Re: [PATCH] C undefined behavior fix

From: Paul Mackerras (
Date: Mon Jan 07 2002 - 19:19:07 EST

mike stump writes:

> #define hide(x) ({ void *vp = x; asm ("" : "+r" (vp)); vp; })
> main() {
> strcpy(buf, hide("eeeeeeeeeeeeeeeeeeeeeeeeeeeeeelksdlkjasdlkjasdlkjasdaaaaaaaaaa"+20));
> }
> Perfectly clear, simple, doesn't burn regs and so on. In fact, even
> the assembly file doesn't have any extraneous output, cool.

Clear to you, I had to look up the gcc info pages to find out what the
"+" constraint does. :)

Is the "r" constraint available (and reasonable) on all architectures
that GCC targets?

> > My main problem with this is that it doesn't actually solve the
> > problem AFAICS.
> It does for now. It will for the next 10 years, my guess. volatile
> will solve it longer, at some performance penalty, if you prefer.
> > Dereferencing x is still undefined according to the rules in the gcc
> > manual.
> ? So what? Pragmatically, for now, it does what the user wants. By
> the time we break it, we'll probably have enough intelligence in the
> compiler to figure out what they were doing and still not break it.

I guess I am reacting to the criticism expressed in this thread
against people who write code which happens to work with a particular
compiler version but for which there is nothing in the standard or
documentation which says that it should work or will continue to work.
It seems to me that the asm is in that category. If the gcc
maintainers were willing to document that side effect that would make
me more comfortable with it. But it still seems like using an ax as a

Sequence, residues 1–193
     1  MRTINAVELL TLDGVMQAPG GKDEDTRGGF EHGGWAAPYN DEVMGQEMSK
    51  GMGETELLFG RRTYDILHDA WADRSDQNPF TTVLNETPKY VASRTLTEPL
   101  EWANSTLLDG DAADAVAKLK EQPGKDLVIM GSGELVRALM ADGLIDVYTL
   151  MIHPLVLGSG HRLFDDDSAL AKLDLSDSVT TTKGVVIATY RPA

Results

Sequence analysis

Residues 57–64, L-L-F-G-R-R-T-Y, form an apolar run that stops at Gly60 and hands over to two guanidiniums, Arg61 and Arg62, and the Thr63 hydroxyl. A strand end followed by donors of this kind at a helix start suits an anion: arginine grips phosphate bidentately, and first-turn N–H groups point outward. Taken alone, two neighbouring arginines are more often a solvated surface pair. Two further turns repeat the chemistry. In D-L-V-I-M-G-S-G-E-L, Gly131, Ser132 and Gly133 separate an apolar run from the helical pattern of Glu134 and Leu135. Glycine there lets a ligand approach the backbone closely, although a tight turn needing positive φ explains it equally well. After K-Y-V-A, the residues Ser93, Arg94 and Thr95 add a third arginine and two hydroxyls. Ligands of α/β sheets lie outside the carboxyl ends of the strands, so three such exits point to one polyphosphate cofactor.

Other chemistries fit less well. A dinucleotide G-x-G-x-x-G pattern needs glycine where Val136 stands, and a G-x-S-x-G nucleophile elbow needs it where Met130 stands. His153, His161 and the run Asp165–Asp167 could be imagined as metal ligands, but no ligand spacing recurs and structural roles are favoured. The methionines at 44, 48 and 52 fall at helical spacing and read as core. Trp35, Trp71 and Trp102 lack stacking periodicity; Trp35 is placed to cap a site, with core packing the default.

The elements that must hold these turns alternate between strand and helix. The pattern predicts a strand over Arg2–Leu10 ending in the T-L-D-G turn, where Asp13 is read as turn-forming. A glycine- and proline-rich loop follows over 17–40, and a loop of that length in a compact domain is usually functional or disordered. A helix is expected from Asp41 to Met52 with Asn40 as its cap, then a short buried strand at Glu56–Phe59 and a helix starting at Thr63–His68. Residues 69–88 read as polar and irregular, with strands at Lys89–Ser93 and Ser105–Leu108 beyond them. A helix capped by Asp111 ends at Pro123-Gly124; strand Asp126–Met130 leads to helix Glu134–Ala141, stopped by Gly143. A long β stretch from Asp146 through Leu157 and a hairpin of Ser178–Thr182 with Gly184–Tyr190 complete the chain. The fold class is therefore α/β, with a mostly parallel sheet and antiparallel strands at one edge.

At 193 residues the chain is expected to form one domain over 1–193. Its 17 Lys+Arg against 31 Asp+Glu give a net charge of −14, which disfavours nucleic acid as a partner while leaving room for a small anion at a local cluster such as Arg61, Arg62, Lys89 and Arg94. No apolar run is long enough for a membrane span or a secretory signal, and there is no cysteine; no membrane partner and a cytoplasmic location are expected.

screwdriver to me.

> Then move the bits to the right address before you execute the C code
> and code the thing that moves the bits in assembly.

Yes, I'm using -mrelocatable on the relevant files now instead of the
RELOC macro. But there are still a couple of places where I need to
take a pointer value which is valid when running at the initial
address and adjust it so it will be valid later when running at the
final address.

The broader issue is one of how the kernel can construct pointers from
addresses in general and be sure that gcc won't assume it knows what
the pointer points to. The kernel needs to be able to do this.

> > - it is a statement, which makes it less convenient to use than an
> > expression
> ? In my example, it is an expression.

Well, it's a statement expression. :) Aren't those deprecated these

> > - it requires an extra dummy variable declaration.
> Mine doesn't.

<nitpicking> What's the "void *vp;" then? </nitpicking>

> > But my main objection is that I don't have any assurance that it
> > actually solves the problem in a lasting way.
> The code only in that subset of C that is well defined and only use
> semantics that have mandated behavior.

That gives me no way to turn an address into a pointer.

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